Journal of Thrombosis and Thrombolysis

, Volume 42, Issue 1, pp 27–32 | Cite as

Extended venous thromboembolism prophylaxis after colorectal cancer surgery: the current state of the evidence

Review Paper

Abstract

There is level one evidence to support combined mechanical and chemical thromboprophylaxis for 7–10 days after colorectal cancer surgery, but there remains a paucity of data to support extended prophylaxis after discharge. The aim of this clinical review is to summarise the currently available evidence for extended venous thromboprophylaxis after elective colorectal cancer surgery. Clinical review of the major clinical guidelines and published clinical data evaluating extended venous thromboprophylaxis after elective colorectal cancer surgery. Five major guideline recommendations are outlined, and the results of the five published randomised controlled trials are summarised and reviewed with a specific focus on the efficacy and cost-effectiveness of extended heparin prophylaxis to prevent clinically relevant post-operative venous thromboembolism (VTE) after colorectal cancer surgery. Extended VTE prophylaxis after colorectal cancer surgery reduces the incidence of asymptomatic screen detected deep venous thrombosis (DVT) only, with no demonstrable reduction in symptomatic DVT, symptomatic PE, or VTE related death. Evidence for cost-effectiveness is limited. As the incidence of clinical VTE is very low in this patient subgroup overall, future research should be focused on higher risk patient subgroups in whom a reduction in VTE may be both more demonstrable and clinically relevant.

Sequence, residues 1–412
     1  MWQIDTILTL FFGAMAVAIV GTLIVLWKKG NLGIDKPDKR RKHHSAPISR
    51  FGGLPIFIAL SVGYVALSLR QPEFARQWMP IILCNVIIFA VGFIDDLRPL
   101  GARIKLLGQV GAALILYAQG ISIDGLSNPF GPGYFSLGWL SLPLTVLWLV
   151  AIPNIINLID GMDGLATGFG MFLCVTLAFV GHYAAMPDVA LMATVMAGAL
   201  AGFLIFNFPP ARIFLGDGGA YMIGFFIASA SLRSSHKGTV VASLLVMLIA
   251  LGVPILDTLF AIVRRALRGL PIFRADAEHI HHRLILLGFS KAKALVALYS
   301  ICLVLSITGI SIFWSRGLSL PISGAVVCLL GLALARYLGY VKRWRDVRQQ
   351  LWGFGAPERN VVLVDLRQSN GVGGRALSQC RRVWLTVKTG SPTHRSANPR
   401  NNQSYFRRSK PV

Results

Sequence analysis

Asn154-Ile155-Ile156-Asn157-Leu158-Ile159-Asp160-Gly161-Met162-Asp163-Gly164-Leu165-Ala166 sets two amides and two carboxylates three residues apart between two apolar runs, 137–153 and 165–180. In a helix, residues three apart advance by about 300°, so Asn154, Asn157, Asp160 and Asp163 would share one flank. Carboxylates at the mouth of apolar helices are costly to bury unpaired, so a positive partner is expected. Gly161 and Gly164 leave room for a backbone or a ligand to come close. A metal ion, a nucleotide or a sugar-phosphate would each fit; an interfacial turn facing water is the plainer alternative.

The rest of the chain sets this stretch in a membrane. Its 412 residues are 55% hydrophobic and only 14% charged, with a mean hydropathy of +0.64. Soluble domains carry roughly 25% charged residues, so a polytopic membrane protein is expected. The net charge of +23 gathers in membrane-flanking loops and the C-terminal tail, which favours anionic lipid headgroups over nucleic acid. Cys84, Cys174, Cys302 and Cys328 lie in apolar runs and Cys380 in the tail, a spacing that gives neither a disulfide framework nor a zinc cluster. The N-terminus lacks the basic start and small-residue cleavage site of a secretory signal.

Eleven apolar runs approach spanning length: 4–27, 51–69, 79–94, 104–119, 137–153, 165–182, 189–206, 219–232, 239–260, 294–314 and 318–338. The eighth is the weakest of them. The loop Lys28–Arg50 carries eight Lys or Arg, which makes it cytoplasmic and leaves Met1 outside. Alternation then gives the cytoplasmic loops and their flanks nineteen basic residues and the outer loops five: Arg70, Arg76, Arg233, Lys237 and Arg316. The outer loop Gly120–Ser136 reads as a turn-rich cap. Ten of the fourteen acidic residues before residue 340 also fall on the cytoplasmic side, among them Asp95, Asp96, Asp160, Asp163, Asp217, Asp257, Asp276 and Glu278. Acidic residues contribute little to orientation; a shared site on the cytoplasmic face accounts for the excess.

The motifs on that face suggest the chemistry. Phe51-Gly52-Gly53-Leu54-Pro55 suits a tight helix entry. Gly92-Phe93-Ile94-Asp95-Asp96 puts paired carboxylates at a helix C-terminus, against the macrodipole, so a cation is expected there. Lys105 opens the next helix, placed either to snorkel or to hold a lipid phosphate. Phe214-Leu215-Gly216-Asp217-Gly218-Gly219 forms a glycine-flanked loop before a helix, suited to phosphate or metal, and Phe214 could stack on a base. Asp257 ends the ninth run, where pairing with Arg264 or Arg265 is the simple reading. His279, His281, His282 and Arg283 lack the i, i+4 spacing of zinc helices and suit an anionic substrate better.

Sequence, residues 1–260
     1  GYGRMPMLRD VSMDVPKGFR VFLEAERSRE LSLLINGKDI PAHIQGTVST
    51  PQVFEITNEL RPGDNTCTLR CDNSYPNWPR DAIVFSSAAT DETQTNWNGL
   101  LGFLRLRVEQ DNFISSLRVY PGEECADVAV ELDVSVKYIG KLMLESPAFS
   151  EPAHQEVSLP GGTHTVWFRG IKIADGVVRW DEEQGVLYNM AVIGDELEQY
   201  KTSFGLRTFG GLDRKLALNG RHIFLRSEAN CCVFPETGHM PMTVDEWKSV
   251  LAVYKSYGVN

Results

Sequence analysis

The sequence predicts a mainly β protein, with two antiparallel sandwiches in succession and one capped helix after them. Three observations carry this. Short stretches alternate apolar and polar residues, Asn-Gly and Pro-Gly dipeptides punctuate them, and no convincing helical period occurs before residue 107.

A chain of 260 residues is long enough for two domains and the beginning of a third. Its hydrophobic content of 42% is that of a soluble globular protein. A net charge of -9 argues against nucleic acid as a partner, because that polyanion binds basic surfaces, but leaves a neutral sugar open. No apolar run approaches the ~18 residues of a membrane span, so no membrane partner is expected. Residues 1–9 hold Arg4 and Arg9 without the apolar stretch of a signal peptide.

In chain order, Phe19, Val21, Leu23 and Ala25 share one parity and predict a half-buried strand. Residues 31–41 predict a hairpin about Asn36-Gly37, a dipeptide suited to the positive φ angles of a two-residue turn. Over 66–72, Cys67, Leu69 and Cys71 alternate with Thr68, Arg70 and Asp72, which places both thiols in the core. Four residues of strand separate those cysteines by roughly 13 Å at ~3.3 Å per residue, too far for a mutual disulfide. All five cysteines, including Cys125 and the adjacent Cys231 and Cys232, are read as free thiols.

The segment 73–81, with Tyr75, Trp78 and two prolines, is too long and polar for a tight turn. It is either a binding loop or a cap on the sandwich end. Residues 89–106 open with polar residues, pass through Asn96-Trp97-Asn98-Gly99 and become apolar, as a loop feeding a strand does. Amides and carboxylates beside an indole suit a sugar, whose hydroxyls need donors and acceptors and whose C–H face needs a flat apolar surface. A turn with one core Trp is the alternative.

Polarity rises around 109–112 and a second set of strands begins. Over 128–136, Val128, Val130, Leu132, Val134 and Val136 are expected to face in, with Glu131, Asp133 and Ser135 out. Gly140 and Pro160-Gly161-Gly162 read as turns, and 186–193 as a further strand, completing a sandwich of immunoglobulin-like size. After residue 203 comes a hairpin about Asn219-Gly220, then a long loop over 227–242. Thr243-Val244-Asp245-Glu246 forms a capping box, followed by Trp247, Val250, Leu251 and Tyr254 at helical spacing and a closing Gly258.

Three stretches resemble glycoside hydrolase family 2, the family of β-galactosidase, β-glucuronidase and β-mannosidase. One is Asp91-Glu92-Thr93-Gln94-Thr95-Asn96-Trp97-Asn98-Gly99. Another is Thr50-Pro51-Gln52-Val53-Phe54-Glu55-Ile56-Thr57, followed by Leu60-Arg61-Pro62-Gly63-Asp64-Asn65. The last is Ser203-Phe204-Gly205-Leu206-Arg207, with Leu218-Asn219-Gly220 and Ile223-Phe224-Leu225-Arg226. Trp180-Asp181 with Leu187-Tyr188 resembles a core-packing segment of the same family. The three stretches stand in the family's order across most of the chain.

Keywords

VTE Prophylaxis DVT Thrombosis Colorectal 

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Copyright information

© Springer Science+Business Media New York 2015

Authors and Affiliations

  1. 1.Colorectal FellowRoyal Adelaide HospitalAdelaideAustralia
  2. 2.Colorectal SurgeonRoyal Melbourne HospitalParkvilleAustralia
  3. 3.Colorectal Surgeon and Head of UnitRoyal Adelaide HospitalAdelaideAustralia

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